I learned quickly that we had a lot more peace in our home if I was judicious with how much information I shared with my husband. I knew what would upset him and what he didn’t really need to know. I could buy all kinds of things and he wouldn’t notice. I figured out ways to do things that would create the least volatility.
Our differences became very clear during those first years. For example he was vehemently opposed–do you hear me when I say vehemently?– to spending more than we made, to bouncing checks and to revolving debt. I participated in all three. I had to because we simply did not make enough money to pay for everything we needed plus all of our regular expenses.
When Harold attempted to restrict my spending I was resentful. To me he was sending mixed messages. On the one hand he asked me to marry him, he promised to love me and to share his life. To me that meant to protect, provide and nourish, too. Of course he didn’t have a clue about that thing inside of me so driven to be rich, but it was very real. And each time he tried to squelch it, inwardly I rebelled. Buying things and spending money, even if I didn’t actually have cash, gave me feelings of power and prestige. I felt equal to those I admired and superior to those I pitied.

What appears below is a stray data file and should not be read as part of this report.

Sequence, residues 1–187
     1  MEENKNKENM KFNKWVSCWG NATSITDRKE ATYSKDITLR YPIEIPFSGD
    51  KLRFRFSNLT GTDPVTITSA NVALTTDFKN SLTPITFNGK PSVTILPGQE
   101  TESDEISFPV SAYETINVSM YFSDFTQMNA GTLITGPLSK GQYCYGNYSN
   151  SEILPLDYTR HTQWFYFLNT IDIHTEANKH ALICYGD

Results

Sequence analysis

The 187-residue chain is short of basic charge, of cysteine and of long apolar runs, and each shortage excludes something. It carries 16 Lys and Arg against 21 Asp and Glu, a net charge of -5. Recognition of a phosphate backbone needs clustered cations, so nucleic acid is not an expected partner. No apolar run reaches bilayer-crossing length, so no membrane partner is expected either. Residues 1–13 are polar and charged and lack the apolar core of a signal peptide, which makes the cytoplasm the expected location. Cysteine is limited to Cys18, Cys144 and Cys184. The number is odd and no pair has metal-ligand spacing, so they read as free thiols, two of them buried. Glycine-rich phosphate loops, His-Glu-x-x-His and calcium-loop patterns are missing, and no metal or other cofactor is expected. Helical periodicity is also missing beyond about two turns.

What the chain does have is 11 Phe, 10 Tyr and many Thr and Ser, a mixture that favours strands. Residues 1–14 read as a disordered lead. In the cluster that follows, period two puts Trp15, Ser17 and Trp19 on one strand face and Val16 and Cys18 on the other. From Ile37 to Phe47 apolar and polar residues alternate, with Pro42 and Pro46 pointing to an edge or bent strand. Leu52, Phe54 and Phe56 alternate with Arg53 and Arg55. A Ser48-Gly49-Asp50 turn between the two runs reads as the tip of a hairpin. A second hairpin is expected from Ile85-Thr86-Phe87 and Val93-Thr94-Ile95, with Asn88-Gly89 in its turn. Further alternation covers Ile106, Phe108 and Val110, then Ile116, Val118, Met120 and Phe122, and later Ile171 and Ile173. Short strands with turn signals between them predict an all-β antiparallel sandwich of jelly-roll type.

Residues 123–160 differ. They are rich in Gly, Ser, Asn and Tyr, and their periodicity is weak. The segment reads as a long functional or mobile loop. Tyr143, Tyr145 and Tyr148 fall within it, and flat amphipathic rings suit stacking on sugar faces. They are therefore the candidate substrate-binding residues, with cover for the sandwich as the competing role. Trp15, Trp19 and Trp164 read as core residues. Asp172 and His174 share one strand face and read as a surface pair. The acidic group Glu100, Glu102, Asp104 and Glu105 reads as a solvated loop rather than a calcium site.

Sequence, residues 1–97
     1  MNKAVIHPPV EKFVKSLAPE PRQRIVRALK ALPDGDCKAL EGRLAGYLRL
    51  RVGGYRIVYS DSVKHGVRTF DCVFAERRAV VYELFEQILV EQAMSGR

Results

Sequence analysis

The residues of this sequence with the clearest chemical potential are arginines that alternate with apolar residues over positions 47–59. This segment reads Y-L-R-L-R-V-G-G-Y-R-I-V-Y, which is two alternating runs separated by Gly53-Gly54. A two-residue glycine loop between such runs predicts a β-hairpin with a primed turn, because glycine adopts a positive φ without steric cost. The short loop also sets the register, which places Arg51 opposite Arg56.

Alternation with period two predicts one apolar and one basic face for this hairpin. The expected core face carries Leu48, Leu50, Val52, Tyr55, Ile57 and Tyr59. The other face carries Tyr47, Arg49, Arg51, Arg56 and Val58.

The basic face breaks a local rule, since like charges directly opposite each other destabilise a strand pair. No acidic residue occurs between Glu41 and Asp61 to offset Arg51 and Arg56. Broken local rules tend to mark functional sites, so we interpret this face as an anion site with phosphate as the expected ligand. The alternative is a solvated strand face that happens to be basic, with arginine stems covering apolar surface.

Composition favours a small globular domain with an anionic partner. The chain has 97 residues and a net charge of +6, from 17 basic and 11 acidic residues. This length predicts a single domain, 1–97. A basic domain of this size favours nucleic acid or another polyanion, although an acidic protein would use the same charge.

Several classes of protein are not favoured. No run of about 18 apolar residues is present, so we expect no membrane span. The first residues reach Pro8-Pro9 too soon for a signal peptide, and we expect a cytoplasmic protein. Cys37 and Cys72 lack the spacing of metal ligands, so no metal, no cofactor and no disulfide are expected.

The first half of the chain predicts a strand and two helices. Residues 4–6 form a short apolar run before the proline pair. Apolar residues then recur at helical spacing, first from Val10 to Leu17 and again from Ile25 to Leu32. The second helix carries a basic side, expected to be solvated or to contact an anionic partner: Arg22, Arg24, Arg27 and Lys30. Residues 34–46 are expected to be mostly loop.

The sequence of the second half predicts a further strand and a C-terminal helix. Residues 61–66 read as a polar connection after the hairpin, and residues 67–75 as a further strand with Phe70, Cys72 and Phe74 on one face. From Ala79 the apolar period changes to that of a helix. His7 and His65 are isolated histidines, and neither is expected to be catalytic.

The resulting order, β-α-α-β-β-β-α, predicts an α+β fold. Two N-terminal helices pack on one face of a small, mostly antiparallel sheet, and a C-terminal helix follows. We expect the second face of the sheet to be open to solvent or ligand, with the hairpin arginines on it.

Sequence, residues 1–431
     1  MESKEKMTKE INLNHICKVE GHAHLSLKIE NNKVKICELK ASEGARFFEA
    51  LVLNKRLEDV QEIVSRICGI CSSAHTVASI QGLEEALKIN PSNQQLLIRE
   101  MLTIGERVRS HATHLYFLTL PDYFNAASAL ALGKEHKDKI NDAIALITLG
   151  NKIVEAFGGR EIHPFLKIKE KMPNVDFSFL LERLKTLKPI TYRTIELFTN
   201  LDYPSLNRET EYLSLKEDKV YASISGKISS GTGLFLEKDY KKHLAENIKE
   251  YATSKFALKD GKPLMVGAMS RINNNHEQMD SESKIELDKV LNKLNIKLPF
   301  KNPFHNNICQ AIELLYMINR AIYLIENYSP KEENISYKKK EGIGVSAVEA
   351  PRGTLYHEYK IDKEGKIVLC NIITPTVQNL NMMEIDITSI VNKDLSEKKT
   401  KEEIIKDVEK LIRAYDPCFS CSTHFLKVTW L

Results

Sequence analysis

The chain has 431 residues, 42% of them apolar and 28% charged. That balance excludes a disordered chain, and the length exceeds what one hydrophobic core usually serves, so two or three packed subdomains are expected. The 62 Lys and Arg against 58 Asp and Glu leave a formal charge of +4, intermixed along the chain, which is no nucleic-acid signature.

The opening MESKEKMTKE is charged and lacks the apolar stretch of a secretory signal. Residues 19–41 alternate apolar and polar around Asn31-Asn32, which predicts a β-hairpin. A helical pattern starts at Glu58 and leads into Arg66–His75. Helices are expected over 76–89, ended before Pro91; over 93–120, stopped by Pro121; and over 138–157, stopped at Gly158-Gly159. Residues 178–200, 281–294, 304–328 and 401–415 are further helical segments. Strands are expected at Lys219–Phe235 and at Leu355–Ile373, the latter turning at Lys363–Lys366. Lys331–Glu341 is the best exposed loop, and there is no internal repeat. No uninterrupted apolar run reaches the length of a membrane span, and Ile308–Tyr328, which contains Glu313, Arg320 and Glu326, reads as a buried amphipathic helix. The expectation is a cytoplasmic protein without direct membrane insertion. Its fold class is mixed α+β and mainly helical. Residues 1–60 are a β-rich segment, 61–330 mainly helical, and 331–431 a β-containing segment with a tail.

I began collecting credit cards in the same way kids collect baseball cards, for sport.
I began collecting credit cards in the same way kids collect baseball cards, for sport. I didn’t really plan to use them, but things came up and I felt I had no other choice. Paying the full balances every month just wasn’t happening. Harold had to resort to making minimum payments. But the cumulative payments depleted our cash flow so severely, using the cards regularly and allowing the balances to grow became the norm where once it had been the exception. Harold hated it and I hated hearing about it. Every time he gave me a little talking to about our tenuous financial situation I felt small and diminished–like I’d been called to the principal’s office or lectured by my father. I would always repent; promise to do better–whatever I had to do to bring the conversation to a quick conclusion.
I had promises to keep, plans to work. My happiness had always hinged on becoming rich. Now I was grown up. I’d done everything right. I graduated from college, I married well, I went to church, I worked very hard, I was a good person. I could not bear the thought of this not turning out right. It had to work. I’d do better. I’d make more money. I’d join another multi-level marketing company. I’d be the best, climb to the top. I’d start my own business. I’d start five businesses. I had to be rich. The more I had the more I wanted. Nothing satisfied for long and more was never enough.